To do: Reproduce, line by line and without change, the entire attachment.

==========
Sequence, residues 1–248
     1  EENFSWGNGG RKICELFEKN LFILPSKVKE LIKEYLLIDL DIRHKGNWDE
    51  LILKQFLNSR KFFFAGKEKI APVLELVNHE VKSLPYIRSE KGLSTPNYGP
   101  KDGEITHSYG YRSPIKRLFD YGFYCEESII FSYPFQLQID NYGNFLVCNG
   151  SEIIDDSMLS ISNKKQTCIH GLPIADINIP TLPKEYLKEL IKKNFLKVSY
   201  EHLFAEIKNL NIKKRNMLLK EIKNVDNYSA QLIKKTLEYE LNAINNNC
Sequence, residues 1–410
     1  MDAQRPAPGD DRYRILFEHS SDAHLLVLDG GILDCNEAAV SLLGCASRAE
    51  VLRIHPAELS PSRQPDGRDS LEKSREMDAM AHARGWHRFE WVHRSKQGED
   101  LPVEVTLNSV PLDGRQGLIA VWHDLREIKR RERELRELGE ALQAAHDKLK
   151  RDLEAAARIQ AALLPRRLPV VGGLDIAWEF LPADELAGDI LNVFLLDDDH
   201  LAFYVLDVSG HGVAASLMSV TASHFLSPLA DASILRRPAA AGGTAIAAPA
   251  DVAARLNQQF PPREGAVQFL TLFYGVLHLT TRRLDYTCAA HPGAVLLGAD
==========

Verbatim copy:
Sequence, residues 1–248
     1  EENFSWGNGG RKICELFEKN LFILPSKVKE LIKEYLLIDL DIRHKGNWDE
    51  LILKQFLNSR KFFFAGKEKI APVLELVNHE VKSLPYIRSE KGLSTPNYGP
   101  KDGEITHSYG YRSPIKRLFD YGFYCEESII FSYPFQLQID NYGNFLVCNG
   151  SEIIDDSMLS ISNKKQTCIH GLPIADINIP TLPKEYLKEL IKKNFLKVSY
   201  EHLFAEIKNL NIKKRNMLLK EIKNVDNYSA QLIKKTLEYE LNAINNNC
Sequence, residues 1–410
     1  MDAQRPAPGD DRYRILFEHS SDAHLLVLDG GILDCNEAAV SLLGCASRAE
    51  VLRIHPAELS PSRQPDGRDS LEKSREMDAM AHARGWHRFE WVHRSKQGED
   101  LPVEVTLNSV PLDGRQGLIA VWHDLREIKR RERELRELGE ALQAAHDKLK
   151  RDLEAAARIQ AALLPRRLPV VGGLDIAWEF LPADELAGDI LNVFLLDDDH
   201  LAFYVLDVSG HGVAASLMSV TASHFLSPLA DASILRRPAA AGGTAIAAPA
   251  DVAARLNQQF PPREGAVQFL TLFYGVLHLT TRRLDYTCAA HPGAVLLGAD